A new perspective on wildflowers
When my child was learning to walk, I joked that she had picked every dandelion in Cold Spring. She’d gather as many as I could carry in huge handfuls. Buttercups were appealing, too. I trained her to leave the flowerbeds alone but anything in the lawn was fine for picking.
Now she’s older and knows where the scissors are kept and still delights in picking flowers. I’m adapting to seeing our blooms as vase-worthy, and not just in their ecological role. Honestly, there’s enough for everyone.
Cutting gardens, on a large scale, were used to fill estates with a supply of fresh flowers year-round. Typically, lists of plants for a cutting garden include bulbs for spring and fall with a mix of summer annuals and perennials chosen for their striking appearance. Native plants and wildflowers, the backbones of ecological landscaping, aren’t top choices. Maybe it’s possible to do both, though.
It’s commonly advised that a floral arrangement should be one-third each of structural blooms, foliage and filler. Images quickly pop into my mind of grocery store bouquets, including dahlias, baby’s breath and daisies with a few stalks of salvia. Tulips, no matter the season, are another staple.
I trialed a flower arrangement with what I could forage in my yard. I found an orange day lily, black-eyed Susans, butterfly weed, white yarrow, ox-eye sunflowers, red bee balm, pale yellow yarrow, tickseed and fleabane. The young child approved, but she isn’t the toughest critic and I didn’t follow the 30/30/30 formula. I appreciated the results and returned a caterpillar we found on a stem to the outdoors again.
After a few days, the red bee balm (Monarda didyma) and lily had wilted dramatically. Another tip learned from this is to use the freshest blooms. Cutting just before the flower blooms is probably the best route for the longest indoor results.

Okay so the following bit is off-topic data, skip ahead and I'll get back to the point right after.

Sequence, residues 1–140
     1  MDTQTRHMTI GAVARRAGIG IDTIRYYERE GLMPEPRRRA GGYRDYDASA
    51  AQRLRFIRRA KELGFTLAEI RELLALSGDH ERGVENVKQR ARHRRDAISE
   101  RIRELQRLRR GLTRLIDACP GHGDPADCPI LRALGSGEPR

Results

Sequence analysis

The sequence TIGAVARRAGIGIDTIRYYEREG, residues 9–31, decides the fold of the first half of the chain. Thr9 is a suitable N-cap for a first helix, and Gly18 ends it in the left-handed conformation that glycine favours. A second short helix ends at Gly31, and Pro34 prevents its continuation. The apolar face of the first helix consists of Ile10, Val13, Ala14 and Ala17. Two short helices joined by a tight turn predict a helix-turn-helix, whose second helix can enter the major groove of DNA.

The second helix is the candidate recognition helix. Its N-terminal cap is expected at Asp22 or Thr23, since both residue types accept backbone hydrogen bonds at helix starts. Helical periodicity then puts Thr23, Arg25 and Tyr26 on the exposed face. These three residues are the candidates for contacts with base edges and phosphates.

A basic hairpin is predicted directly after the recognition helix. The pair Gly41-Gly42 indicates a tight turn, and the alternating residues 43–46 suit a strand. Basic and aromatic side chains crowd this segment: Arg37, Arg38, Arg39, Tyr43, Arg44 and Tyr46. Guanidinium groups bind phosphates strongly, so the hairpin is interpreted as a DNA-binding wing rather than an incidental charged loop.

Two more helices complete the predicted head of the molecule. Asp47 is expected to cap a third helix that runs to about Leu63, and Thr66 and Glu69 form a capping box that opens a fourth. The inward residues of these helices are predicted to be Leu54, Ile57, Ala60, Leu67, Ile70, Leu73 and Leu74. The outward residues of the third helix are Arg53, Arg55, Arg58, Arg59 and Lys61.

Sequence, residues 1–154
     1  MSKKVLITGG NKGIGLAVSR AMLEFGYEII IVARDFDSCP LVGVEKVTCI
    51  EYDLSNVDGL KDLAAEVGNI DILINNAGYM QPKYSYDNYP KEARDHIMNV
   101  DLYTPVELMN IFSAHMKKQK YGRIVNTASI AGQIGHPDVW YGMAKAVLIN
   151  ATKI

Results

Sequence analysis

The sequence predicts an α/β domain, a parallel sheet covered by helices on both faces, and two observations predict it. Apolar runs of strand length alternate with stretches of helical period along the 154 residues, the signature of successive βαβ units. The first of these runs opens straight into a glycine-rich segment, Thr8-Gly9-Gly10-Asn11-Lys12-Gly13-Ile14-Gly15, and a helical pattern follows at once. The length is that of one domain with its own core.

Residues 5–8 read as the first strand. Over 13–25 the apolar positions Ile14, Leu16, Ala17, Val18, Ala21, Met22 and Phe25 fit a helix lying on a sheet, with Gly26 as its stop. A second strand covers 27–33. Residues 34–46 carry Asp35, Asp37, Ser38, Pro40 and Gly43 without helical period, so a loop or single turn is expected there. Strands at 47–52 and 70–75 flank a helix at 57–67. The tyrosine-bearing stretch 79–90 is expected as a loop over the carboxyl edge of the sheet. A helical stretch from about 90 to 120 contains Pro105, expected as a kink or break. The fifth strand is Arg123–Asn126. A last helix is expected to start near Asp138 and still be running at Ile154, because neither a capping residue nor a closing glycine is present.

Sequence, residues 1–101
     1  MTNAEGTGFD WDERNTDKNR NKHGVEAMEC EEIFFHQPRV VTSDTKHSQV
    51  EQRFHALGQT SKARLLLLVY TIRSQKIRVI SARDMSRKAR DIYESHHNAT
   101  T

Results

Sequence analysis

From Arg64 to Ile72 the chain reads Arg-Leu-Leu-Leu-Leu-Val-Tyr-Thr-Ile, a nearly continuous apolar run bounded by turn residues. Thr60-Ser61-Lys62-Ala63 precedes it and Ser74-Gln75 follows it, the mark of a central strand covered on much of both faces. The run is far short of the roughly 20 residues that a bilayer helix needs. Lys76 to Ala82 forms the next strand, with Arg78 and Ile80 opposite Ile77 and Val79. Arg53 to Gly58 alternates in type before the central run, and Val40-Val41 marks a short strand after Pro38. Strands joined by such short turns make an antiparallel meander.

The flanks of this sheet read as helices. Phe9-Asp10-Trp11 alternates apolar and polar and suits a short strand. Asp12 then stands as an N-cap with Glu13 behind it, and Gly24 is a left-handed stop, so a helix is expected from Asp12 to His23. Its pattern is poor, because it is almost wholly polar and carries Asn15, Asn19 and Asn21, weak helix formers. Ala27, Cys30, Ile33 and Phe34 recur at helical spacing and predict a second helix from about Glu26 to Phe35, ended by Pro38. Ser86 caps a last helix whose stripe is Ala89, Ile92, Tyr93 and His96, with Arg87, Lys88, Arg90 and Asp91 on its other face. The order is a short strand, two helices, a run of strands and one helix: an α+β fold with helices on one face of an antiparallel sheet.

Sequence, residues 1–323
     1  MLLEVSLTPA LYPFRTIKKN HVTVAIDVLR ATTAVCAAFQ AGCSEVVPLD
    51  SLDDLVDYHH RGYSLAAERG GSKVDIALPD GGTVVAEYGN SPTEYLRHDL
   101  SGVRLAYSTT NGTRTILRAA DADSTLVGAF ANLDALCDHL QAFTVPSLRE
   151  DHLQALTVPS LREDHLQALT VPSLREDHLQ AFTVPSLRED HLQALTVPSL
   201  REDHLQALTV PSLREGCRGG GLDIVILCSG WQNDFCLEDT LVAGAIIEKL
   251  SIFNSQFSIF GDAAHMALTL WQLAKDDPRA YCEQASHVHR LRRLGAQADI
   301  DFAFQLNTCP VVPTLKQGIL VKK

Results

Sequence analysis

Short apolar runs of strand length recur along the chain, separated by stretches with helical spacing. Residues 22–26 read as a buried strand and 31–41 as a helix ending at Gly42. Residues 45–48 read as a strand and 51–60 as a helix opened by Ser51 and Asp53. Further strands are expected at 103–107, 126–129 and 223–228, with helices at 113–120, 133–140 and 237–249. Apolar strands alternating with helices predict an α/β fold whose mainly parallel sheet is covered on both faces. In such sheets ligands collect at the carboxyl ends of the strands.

Here’s a guide to choices for a cutting garden that also have ecological impact:
Yarrow (Achiliea millefolium): In my test arrangement, the yarrow held up the longest. It also has a strong stem to rise above other blooms.
Lavender (Lavandula spp.): No one could argue with having lavender in the house.
Ox-eye sunflower (Heliopsis helianthoides): This multi-stemmed plant has a profusion of yellow flowers and can stand up tall among other blooms in a vase. While sunflowers are striking, too, varieties that have a single flower head can leave a gap in the garden when they are cut down.
Iris (Iris versicolor): There are native irises that bloom in shade and wetter conditions at different times of the year, and produce strong flowers.
Spiderwort (Tradescantia ohiensis): This could be a substitute for iris or look great with iris.
Anise hyssop (Agastache foeniculum): The candelabra flowering style makes hyssop a lovely candidate, with tall stems covered in tiny flowers for impact.
Ferns: Hay-scented fern, ostrich fern, cinnamon fern, Christmas fern — there are many choices and an arrangement could include more than one type as a way to showcase the flowers.
Wild rye (Elymus canadensis): I appreciate this grass for the delicate seed heads and curving shape.
Side oats grama (Bouteloua curtipendula): The golden color of this grass at the end of summer would complement any arrangement.
Black-eyed Susans: These make the list because they are so easy to grow and I usually have more of them than anything else in the garden.
Cosmos: This annual plant wins its spot in a pollinator garden because it is a good nectar source. Easy to grow in not-so-perfect soil, cosmos can be cut and then can bloom again.
Mountain mint (Pycnanthemum tenifolium): While I love watching the butterflies flock to this plant, its cool colors are a unique addition to a bouquet.
Perennials and bulbs that had a single bloom, like obedient plant, blazing star and blue vervain, didn’t make the list because they are less prolific in my garden and take a few years to come into their full potential. I also didn’t include the more commonly known dahlias, zinnias, roses and delphiniums. I wanted to cast a new angle on the cutting garden and make a case for growing pollinator-friendly native plants for enjoyment inside the house as well as their ecological purpose.
The aspect that doesn’t come as readily from wildflower arrangements is fragrance. These aren’t plants that have been bred for scent to attract humans, just insects and birds. While I love a peony’s fragrance as much as anyone, I wouldn’t trade it for the sight of a butterfly covered flower.